This past week, I deviated a bit from my goal of "one project, start to finish, every week." But some projects are worth an extra week or two, especially if you're starting from scratch. So last week, while Jason was out of the house for an evening of Ticket to Ride with some friends, I stayed home, put on Sisterhood of the Traveling Pants 2, and did some spinning. I got the tension on my spinning wheel just right and ended up with some of the most beautiful, delicate, even, 2-ply hand-spun yarn ever, if I do say so myself. Okay, maybe not ever, but still pretty dang good. Now all I need is a week or two at home to gather some plants and make some dye in a cast iron pot over a fire in the backyard. Then, once the wool is dry, I need a solid couple of days (and some patience) to sit down with Amy or my mom and actually learn how to knit something other than straight knit-stitch scarves. I don't really enjoy the knitting part, which is probably why I stopped at the yarn-making step last week.
But I do very much enjoy spinning. The gentle rhythm of my double treadle, the changing texture as I stretch the soft roving and feel it tighten under my fingers as it spins, the tension of hold and release as the yarn is pulled onto the bobbin, the reminder that I will produce good results if I can just keep my feet from speeding too quickly ahead. It's simple, therapeutic, relaxing work.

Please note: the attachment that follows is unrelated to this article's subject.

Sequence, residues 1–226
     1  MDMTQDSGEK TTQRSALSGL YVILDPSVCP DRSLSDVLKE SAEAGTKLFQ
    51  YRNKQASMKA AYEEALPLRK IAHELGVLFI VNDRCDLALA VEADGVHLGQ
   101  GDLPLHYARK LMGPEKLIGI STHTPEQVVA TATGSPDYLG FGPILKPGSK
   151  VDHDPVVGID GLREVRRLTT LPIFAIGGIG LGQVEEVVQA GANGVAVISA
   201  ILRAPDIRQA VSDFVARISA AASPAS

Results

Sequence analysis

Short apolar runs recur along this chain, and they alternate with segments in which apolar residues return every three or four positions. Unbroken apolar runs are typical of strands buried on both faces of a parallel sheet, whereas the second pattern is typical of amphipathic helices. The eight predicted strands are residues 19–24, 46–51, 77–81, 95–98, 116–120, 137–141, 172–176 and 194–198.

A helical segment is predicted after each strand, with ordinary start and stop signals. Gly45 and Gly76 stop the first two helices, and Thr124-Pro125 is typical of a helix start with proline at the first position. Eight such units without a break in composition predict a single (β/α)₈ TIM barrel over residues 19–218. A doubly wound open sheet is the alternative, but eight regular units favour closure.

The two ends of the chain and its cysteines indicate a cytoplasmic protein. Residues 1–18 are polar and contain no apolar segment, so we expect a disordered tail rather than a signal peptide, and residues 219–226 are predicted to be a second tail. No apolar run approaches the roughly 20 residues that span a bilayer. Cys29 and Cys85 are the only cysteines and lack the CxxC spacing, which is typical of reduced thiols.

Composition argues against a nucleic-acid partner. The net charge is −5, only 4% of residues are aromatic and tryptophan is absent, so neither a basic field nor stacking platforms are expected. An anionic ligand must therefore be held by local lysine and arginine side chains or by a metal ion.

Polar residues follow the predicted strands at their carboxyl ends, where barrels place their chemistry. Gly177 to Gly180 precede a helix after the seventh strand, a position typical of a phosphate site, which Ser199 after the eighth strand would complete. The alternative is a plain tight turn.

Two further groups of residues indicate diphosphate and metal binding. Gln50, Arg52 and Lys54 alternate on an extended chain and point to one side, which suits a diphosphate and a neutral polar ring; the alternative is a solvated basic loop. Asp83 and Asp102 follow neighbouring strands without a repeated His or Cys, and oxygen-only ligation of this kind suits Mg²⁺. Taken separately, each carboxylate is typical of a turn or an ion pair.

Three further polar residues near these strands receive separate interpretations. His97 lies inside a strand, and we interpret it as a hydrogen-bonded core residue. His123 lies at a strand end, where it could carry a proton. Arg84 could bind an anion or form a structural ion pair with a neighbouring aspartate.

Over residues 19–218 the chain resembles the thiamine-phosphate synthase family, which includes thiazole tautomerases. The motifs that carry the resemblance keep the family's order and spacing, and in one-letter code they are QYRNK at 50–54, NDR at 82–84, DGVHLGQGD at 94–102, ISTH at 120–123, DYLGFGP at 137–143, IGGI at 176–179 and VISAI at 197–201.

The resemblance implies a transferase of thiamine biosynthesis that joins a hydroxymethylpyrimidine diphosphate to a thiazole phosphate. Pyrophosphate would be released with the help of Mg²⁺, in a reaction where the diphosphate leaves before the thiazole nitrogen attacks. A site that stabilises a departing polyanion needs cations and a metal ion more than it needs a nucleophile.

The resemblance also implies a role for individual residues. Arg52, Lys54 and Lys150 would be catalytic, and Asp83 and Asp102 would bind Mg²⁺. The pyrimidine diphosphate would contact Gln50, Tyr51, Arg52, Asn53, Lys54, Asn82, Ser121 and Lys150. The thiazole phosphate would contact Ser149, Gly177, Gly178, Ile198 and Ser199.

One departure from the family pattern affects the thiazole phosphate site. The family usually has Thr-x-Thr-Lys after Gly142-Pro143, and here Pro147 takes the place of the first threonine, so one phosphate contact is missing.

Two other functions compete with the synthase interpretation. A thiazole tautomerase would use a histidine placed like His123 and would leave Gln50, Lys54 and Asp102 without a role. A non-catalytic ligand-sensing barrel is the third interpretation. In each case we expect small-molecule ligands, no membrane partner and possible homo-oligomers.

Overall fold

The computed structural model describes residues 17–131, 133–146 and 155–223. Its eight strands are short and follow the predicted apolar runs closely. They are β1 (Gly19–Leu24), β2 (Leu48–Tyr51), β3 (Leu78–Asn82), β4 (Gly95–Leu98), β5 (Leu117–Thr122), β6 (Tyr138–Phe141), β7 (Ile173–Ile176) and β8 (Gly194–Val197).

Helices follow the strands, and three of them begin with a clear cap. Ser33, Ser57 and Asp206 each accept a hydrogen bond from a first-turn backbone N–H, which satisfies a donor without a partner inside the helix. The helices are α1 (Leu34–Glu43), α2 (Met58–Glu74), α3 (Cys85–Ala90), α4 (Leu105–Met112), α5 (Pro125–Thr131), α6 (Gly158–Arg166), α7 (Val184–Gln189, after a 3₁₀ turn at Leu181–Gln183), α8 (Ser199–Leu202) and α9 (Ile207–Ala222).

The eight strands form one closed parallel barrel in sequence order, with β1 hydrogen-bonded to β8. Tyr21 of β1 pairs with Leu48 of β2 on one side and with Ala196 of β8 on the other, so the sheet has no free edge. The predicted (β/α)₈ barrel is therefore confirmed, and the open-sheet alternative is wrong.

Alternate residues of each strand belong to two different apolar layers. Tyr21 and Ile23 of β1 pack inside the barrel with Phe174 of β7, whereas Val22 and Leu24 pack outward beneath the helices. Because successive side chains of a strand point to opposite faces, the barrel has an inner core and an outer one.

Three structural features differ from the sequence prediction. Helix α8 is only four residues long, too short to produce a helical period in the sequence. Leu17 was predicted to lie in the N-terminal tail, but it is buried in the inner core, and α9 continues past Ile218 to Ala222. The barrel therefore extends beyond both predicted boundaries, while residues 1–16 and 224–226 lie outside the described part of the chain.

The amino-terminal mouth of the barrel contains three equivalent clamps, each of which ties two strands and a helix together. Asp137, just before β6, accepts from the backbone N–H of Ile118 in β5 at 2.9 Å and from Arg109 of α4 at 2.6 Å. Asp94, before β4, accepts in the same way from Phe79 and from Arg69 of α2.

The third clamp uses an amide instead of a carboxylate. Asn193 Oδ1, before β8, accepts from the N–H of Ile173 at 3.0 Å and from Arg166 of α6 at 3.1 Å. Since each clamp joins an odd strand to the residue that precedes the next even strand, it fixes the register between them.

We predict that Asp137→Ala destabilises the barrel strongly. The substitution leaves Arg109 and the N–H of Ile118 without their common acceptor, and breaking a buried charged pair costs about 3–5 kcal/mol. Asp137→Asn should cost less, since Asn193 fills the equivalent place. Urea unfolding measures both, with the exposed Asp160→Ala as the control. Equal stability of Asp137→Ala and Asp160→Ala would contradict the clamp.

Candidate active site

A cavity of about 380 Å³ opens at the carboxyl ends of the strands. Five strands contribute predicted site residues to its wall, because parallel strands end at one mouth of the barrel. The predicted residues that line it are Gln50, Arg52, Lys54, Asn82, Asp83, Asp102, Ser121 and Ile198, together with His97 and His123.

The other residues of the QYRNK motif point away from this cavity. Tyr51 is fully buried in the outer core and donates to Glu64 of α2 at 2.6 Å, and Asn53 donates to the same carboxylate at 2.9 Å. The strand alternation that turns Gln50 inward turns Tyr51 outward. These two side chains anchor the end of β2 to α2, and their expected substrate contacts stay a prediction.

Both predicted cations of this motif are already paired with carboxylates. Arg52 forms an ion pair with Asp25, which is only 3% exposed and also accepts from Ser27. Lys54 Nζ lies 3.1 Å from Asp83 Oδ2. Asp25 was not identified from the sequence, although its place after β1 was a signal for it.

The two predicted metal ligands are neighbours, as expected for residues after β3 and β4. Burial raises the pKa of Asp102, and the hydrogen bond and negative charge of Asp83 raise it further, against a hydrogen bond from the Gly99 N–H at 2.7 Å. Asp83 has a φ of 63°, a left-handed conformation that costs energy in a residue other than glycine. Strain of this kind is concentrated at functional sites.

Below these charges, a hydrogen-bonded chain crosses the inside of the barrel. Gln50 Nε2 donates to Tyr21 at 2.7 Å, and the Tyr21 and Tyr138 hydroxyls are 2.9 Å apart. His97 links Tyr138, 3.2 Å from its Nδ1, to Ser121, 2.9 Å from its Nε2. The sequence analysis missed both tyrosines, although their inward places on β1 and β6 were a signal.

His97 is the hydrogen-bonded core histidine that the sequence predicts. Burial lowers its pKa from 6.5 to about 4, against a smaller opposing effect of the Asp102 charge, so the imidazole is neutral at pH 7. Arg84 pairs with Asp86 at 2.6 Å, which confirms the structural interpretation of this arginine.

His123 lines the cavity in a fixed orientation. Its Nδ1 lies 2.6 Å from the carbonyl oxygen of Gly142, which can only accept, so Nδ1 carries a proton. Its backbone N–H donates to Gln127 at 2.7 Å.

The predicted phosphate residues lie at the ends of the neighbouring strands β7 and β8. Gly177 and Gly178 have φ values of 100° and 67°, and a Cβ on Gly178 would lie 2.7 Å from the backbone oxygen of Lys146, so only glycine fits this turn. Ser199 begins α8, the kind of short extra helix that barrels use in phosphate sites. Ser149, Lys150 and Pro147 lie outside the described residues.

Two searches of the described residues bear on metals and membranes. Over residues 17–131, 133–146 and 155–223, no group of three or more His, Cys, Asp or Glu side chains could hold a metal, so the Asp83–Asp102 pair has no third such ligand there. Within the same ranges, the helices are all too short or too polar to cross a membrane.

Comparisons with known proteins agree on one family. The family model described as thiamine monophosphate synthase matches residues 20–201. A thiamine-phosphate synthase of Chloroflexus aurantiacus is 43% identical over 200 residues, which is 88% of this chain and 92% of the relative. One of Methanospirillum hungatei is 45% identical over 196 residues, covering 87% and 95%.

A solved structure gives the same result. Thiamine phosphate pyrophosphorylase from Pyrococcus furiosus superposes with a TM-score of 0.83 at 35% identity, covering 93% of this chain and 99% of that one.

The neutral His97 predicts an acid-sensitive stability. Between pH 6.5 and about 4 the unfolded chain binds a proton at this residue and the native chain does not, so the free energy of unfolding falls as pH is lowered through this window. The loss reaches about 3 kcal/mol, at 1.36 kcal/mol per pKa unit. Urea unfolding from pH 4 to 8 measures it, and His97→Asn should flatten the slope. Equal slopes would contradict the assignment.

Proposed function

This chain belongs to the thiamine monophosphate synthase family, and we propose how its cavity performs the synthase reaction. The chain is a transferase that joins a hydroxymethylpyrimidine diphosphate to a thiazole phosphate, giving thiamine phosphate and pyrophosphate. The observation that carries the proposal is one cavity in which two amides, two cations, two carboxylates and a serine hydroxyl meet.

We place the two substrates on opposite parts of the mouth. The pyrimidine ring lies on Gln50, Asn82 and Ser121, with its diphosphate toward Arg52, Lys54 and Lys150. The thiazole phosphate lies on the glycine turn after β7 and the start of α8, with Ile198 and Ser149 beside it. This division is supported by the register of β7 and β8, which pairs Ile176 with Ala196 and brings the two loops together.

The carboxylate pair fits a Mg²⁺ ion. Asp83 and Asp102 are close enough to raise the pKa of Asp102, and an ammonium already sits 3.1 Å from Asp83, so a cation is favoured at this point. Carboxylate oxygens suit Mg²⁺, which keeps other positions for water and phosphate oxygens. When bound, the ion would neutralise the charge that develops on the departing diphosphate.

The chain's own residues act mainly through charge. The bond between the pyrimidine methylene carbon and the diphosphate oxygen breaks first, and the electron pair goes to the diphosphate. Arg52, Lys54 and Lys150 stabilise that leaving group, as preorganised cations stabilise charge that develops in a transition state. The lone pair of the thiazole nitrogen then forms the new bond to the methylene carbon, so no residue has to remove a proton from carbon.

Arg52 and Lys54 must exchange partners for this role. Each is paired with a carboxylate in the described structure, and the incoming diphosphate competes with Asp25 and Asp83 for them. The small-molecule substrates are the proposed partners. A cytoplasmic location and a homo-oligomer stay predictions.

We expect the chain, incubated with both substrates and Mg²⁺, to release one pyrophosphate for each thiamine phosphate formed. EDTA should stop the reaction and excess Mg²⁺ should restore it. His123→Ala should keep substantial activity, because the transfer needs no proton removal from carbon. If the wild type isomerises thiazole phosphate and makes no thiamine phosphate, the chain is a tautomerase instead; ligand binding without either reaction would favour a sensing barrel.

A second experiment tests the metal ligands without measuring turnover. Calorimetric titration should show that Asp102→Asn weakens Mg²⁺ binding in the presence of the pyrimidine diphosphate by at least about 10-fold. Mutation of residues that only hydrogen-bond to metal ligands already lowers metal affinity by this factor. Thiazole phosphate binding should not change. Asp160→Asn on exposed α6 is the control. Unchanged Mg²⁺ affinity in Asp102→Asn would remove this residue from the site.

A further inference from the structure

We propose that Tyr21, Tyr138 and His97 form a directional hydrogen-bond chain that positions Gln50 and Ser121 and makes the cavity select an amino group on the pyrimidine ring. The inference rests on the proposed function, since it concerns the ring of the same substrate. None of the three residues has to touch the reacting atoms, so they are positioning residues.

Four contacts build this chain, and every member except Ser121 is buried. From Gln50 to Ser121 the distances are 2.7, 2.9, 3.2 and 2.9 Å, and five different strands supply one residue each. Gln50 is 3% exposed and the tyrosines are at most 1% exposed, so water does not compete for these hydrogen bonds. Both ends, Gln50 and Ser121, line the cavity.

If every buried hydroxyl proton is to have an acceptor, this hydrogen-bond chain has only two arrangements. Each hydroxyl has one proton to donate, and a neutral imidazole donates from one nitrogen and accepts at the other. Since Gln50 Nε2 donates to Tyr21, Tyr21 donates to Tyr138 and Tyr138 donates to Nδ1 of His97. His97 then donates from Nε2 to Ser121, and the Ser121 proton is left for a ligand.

I forget all that when I let the wheel rest too long gathering dust in my living room. It becomes a mere decoration, an accessory. My eyes glance over it as something that naturally belongs in my home because I grew up with spinning wheels in the living room, on the bend in the staircase, in my mother's bedroom, in the barn. I'm always surprised when guests come over, and that is one of the first things they comment on. "What is that? Is that a spinning wheel? Like in Rumpelstiltskin? Can you work it?" It makes me grateful for my parents, the rich tradition of craftsmanship they raised me in, the value they placed on taking the time to start from scratch, and the skills that they taught me to honor and preserve history with my hands.